Commenting on my last blog post, Amanda Mahnke, the editor of Ardmore-Wynnewood-Merion Patch wrote:
"I'm really bad at figuring out how to deal with lighting when I take my camera off semi-automatic. I know how to (and do) change the shutter speed, but do other settings play into that too? Case in point: your grad photos as opposed to my grad photos, taken in the same building under the same lighting conditions."
So I looked at my photos and Amanda's photos. I was pleasantly surprised to see that Amanda had done a very good job under less than good conditions for good photography. She is a much better at photography than I am at writing, which I sometimes have to do on Patch assignments. As I looked at her photos I saw that the core of her problem photos was not the technical aspects of capturing the image as she thought. It was the processing of the images after they are captured. That processing is done in a computer not in the camera.
I decided that I should demonstrate the benefits of post capture processing in this blog. To do that I selected a photo taken by me at last week's Harriton High School Graduation assignment. It was not in the published article because I had really messed up on the exposure when shooting it. I had a lot of images that were better exposed and therefore more suitable for publication without much work being done on them.
The accompanying gallery contains the same image in different stages of post capture processing. It starts off as taken and being underexposed (too dark). That was my error but a mostly correctable one. This is good time to look at the gallery photos and their captions that explain each step I took in improving them. The return here to read on.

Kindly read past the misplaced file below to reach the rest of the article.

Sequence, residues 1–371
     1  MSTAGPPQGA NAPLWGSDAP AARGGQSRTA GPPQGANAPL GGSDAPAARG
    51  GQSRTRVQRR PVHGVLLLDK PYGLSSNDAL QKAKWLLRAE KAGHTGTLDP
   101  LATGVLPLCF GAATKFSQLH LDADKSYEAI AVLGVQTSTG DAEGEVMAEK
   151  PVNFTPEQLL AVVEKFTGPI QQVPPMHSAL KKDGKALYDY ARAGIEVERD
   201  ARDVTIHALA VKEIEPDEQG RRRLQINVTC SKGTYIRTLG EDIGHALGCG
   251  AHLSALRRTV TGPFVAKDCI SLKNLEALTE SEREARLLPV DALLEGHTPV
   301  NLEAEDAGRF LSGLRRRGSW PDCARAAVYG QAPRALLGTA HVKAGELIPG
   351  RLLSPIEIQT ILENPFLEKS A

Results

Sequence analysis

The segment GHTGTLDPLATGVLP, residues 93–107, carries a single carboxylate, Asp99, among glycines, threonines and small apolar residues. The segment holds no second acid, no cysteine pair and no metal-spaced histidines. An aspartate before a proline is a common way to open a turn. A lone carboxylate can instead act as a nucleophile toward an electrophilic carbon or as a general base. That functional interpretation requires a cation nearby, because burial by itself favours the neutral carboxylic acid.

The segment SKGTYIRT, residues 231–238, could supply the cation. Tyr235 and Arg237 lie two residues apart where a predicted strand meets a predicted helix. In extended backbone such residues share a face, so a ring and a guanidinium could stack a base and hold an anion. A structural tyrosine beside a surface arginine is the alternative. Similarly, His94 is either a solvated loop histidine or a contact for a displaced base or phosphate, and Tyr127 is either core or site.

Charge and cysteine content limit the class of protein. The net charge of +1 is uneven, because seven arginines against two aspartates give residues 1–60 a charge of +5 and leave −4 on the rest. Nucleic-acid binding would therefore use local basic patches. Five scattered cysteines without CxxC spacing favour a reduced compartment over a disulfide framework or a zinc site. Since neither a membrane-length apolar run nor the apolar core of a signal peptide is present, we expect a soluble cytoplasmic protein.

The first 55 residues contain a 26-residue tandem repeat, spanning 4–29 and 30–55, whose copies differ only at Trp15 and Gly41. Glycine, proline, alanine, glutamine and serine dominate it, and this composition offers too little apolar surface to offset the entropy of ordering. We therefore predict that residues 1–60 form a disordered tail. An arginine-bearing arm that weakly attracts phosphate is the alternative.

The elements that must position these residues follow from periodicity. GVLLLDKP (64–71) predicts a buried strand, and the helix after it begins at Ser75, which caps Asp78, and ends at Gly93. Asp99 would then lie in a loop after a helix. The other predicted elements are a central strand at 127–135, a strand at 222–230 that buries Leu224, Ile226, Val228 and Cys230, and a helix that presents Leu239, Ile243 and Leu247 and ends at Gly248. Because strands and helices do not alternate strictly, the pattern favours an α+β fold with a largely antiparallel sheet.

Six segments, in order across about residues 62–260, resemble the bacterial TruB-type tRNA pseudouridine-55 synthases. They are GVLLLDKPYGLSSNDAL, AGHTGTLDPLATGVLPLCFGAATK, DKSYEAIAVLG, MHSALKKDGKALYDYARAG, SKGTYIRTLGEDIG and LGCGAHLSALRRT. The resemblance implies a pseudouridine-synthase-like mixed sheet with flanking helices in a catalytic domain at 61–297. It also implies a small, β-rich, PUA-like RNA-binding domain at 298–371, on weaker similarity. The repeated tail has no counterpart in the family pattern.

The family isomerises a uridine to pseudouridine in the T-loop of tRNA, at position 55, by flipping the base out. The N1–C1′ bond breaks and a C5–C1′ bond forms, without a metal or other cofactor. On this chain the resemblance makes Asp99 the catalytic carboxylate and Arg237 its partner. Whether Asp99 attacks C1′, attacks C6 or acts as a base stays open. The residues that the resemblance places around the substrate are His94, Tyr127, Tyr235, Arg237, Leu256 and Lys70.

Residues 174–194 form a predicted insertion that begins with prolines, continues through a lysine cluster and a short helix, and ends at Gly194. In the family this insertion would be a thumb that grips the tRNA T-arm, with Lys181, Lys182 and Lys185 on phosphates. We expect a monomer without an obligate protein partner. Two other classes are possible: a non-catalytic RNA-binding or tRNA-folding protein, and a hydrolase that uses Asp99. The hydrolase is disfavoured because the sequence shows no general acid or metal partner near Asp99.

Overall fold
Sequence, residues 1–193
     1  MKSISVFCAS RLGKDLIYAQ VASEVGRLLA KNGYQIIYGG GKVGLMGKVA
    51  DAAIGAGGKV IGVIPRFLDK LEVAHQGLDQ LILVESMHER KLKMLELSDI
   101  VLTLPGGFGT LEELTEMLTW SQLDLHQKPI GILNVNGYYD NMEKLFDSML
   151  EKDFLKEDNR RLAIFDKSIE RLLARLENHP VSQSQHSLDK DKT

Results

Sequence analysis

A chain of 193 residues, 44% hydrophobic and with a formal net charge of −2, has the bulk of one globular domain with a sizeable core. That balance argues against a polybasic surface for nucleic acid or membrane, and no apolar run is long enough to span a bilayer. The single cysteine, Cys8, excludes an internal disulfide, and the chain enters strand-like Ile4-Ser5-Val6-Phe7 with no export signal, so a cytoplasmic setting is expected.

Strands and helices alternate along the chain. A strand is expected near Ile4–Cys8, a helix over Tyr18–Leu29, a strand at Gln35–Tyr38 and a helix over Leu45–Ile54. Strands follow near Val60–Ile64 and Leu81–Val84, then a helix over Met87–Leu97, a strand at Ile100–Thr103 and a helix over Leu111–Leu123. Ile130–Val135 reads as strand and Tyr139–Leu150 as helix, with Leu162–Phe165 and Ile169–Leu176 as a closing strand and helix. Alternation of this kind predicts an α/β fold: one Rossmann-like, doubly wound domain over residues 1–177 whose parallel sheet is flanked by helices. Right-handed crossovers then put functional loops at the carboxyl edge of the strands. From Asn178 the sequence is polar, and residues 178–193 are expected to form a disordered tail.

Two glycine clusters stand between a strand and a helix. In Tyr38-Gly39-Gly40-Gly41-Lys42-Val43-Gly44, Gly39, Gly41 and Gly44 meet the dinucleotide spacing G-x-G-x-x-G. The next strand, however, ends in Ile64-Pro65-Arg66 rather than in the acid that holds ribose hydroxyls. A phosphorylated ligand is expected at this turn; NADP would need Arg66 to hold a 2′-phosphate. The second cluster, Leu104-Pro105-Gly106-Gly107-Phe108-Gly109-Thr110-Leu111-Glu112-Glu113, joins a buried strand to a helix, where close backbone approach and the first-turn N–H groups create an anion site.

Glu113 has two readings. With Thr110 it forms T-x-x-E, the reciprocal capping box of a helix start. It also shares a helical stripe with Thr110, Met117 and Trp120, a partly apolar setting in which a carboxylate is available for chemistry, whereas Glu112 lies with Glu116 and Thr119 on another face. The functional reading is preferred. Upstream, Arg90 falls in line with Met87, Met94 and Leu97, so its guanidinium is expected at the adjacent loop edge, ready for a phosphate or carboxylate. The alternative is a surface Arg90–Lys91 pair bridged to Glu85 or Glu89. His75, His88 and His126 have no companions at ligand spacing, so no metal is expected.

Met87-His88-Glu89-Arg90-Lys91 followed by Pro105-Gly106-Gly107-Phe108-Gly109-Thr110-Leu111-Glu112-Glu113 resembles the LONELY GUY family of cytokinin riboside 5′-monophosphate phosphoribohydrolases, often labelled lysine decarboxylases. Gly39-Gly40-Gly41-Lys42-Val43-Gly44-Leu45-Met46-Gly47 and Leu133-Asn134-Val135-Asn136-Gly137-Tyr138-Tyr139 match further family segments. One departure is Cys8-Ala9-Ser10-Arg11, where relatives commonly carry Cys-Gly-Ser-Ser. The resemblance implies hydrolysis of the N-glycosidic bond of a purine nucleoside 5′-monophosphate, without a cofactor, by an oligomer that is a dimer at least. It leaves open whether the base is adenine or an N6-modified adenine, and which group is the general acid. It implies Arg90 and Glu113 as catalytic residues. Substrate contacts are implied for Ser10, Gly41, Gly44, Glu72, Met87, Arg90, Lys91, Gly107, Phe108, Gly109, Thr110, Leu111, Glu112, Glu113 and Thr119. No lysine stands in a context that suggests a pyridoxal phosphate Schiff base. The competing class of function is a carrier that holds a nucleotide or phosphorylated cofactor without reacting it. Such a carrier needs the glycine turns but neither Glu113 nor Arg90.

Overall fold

All digital cameras capture images in what is called RAW form, that is, as a bundle of digital data. RAW files are large and take up a lot of digital storage on the camera's flash card and on the computer hard drive. The advantage of them is that they record all the data that the sensor has captured.
Most professional photographers shoot and work with RAW files because they want that data and the processing latitude it offers. Most amateur photographers and almost all point-and-shoot camera users capture JPEG files because they have small file sized and do not require processing to get a good enough result.
A JPEG is a RAW file that has been processed in the camera to make an image that the manufacturer sees as acceptable for consumer use without processing outside of the camera. Its smaller file size is achieved by deleting data that is not needed to make an acceptable result. Once deleted that data can never be recovered. That lost data has value in fine tuning a photograph to look better, so pros usually shoot RAW to have the greatest post-processing latitude to achieve the best result they can.
Should everyone shoot RAW? No, it is overkill for most amateur photography, and it must be processed in the computer before it can be used. That takes time and skill that has to be acquired. Can you process a JPEG? Yes, you can, but the latitude of adjustment is less than RAW so the result might be limited by that latitude data loss.
RAW and JPEG images can be processed with software made by camera manufacturers, software companies, and online photo-sharing sites. I am a Mac user and have been for decades. My images are all processed in a Mac. I use Aperture, Apple software that is available in the App store for about $80 now. Years ago it several hundred. Mac user can also use Apple's iPhoto which come installed on some Macs. It is not a versatile as Aperture, but it gets the job done for the most part.
As you can see from the gallery, digital photographs can be made better after they are taken. All it takes in software, learning, practice, and time.